"I get more amazed every year that goes by," Leshowitz said last week. "You think that it has to come to an end, because all good things eventually do. You think like it's too good to be true. But I am always amazed just how remarkably talented and dedicated our students are. It keeps getting better every year."
Last Wednesday evening, Leshowitz was among approximately 300 guests in attendance for the school's annual Christmas concert in the auditorium. Some 100 musicians, along with a chorus of 150 students, performed the traditional Christmas carols, including a majestic version of the "Hallelujah Chorus" as the finale.
And once again, the music doctor walked out of the school shaking his head in awe at the performance level. "When it's all said and done, you totally lose sight and forget that they're just kids," Leshowitz said. "Most of them don't take private lessons. They all play together and work hard with whatever time they have. It's absolutely the greatest feeling in the world when you see it all come together. I sit and hear rehearsals and wonder how those sounds could ever come together. But they do it, every time. It's as good as any professional performance I've heard."
Hours of practice
A lot of the credit for the success has to go to the dedicated band director, George Haviland, who spends countless hours with the musicians in a variety of roles. For most of the fall, Haviland coordinates the school's marching band, which performs at halftime of football games, as well as selected competitions.
Last month, the North Bergen High School marching band placed fifth at the U.S. Scholastic Marching Band Association's regional championships held at Franklin Stadium in Philadelphia. It marked the first time that North Bergen had placed in a marching band competition of that magnitude.
However, once the marching band material is tossed aside, Haviland has all of three weeks to prepare for the Christmas concert.
"As soon as the marching band season was over, we got right into it," Haviland said. "We had maybe six weeks to prepare and just three weeks of rehearsals, so it was a tremendous undertaking. We got together every day after school for rehearsals. With a band our size, that's also tough to do, because a lot of the kids have other activities that they participate in."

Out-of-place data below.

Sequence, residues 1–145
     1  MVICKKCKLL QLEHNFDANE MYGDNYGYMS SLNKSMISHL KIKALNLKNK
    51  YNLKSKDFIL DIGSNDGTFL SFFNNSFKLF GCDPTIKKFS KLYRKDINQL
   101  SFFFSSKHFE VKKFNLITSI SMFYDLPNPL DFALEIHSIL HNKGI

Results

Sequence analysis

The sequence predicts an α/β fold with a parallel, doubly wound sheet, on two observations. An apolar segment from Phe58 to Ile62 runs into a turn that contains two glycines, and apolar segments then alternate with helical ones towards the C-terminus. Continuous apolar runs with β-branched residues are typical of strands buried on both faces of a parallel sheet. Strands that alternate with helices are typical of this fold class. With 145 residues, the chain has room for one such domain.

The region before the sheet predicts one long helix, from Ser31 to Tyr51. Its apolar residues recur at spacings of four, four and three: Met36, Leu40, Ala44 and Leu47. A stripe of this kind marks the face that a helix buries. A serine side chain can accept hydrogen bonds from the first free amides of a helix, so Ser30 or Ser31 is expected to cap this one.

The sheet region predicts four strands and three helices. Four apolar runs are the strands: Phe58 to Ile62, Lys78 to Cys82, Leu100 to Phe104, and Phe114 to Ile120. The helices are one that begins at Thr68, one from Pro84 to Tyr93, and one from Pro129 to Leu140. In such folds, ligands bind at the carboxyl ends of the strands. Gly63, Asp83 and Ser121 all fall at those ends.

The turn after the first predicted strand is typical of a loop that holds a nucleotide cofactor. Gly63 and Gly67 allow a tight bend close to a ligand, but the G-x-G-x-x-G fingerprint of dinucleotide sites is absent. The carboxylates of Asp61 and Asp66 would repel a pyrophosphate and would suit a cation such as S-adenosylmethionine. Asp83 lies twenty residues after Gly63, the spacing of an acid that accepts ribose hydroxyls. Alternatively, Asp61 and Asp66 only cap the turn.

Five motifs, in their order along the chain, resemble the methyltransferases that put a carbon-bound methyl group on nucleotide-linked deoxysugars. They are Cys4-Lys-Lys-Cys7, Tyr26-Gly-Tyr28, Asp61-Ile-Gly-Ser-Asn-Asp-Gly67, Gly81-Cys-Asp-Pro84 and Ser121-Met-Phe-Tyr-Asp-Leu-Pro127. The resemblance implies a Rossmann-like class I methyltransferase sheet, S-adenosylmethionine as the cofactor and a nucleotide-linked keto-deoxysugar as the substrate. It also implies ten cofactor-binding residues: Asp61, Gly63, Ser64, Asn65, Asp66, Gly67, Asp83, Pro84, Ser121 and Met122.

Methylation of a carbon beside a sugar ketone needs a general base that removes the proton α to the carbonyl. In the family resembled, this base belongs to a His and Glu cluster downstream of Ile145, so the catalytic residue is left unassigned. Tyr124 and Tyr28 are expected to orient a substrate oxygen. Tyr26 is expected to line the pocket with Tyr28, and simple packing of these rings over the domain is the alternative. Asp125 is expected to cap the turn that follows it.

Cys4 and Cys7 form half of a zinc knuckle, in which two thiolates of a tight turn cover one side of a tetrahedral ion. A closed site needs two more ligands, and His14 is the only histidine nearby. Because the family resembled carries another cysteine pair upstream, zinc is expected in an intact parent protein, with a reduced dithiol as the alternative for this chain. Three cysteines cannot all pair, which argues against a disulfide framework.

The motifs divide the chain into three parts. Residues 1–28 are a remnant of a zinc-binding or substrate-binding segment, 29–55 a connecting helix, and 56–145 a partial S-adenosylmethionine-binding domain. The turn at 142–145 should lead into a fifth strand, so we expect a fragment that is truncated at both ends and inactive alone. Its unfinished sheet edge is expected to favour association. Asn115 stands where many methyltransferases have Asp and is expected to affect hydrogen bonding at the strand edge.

Although the students enjoy themselves immensely, they are also very serious about their craft.
"We know that it takes a lot of hard work to get ready for the concert," said senior Andrea Borja, who plays the clarinet. "Everyone in the band is very serious about what they do. We all have a lot of dedication to go to rehearsals, to practice on our own. Everyone puts a lot of time into it."
"We have fun, but we pick it up when we have to," said senior Joe Vitale, who plays the saxophone. "We keep in mind that it's fun, but we're very serious about what we do."
It takes a year-long commitment to be a part of the band. First, there's band camp, which is one full week of learning marching band material during a week in August.
"It's nine to six every day, with an hour lunch," said Haviland, who has been teaching music in the high school for 19 years. "Bring your bottled water and prepare to sweat, because we're out there, working hard.
Added Haviland, "Then, we go into the marching band season; then comes the Christmas concert. From there, we have the grammar school tour with our jazz band and we play jazz and classics in April, followed by our spring concert. We also play in the Teen Arts Festival at New Jersey City University, where we've been the best jazz band for the last 10 years. And then, there's whatever else is up. It absolutely doesn't stop."
Haviland also expects a lot from the band members.
"Because of the marching band performances, it gets very physical," Haviland said. "We encourage each student to achieve the most musically. I don't expect everyone to be a music major, but we put them on a college level practice regimen, along with a personal practice plan. We expect our students to practice the minimum of a half-hour a day."
"The beauty of it is that the kids really want it," Leshowitz said. "They're in the music room during study time, during lunch period. It's great, because I get to work with kids who want to be there. They're not forced to be there. They all want it."
Senior Tim Murphy, who plays the tuba, can attest to that.
"It really has a great family atmosphere with everyone in the band," Murphy said. "Everyone gets along so well. It's like a big family."
"Nothing is yours," said senior clarinet player Sandra Diaz. "You share everything."
Wednesday night, they shared the applause.
"It is exciting to see everything come together the way we did," Borja said. "We play Christmas songs and everyone gets in a 'ho-ho-ho' mood. But we were so good and I felt so proud to be a part of it."
"Any chance that you have to play in front of an audience is welcomed," Murphy said. "I want that opportunity every time. But it's such a very good performance and everyone is so happy. I think a lot of people were awed by it. I know I was."
Haviland noticed other audience members.
"People sit in the audience, expecting to hear one thing, and then, their jaws just drop open," Haviland said. "They cannot believe they're hearing high school kids, especially with the 'Hallelujah' finale, which everyone is familiar with, but not many hear it that way. I've been doing it for 19 years and I always get a good rush from it. And that's the bottom line. It's for the kids and by the kids. We somehow took it to the next level and that was wonderful."